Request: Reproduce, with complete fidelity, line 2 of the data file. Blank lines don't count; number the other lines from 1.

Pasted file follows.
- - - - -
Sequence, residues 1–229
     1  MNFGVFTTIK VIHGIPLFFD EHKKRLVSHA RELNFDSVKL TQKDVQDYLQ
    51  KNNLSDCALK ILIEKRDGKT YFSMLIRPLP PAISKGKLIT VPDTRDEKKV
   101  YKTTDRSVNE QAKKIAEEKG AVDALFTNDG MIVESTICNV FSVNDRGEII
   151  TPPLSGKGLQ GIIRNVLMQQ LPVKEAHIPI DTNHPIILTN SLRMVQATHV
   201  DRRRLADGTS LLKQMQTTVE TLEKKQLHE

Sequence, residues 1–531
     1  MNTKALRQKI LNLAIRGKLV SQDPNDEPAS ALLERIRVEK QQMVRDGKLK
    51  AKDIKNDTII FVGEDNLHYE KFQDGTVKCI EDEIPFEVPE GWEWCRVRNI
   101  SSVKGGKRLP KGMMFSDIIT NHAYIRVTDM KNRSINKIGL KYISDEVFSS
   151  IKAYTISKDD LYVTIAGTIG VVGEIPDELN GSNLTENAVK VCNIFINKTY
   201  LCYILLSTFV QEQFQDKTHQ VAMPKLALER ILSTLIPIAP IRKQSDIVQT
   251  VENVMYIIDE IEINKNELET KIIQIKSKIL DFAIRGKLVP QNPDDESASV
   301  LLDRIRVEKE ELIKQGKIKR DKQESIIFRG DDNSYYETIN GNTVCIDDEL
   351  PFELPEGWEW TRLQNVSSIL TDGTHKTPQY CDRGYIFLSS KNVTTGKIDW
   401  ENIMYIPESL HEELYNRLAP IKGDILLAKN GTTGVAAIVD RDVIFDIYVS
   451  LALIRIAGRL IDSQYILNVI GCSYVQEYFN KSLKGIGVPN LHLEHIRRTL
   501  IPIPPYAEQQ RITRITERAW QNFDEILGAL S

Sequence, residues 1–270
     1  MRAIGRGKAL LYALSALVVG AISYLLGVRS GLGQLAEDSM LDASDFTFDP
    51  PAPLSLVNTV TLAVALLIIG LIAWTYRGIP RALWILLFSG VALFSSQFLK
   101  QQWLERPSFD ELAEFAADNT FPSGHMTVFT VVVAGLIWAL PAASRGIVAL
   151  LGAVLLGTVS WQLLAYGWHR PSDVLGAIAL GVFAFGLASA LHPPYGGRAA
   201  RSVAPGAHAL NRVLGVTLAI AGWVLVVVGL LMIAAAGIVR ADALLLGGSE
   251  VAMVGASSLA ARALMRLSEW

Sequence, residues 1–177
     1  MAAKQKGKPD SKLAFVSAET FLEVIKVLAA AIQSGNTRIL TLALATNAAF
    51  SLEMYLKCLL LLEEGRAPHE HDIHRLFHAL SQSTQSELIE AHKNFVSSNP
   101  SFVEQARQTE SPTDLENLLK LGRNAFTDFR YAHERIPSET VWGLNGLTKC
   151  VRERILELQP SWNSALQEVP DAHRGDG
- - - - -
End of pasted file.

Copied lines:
     1  MNFGVFTTIK VIHGIPLFFD EHKKRLVSHA RELNFDSVKL TQKDVQDYLQ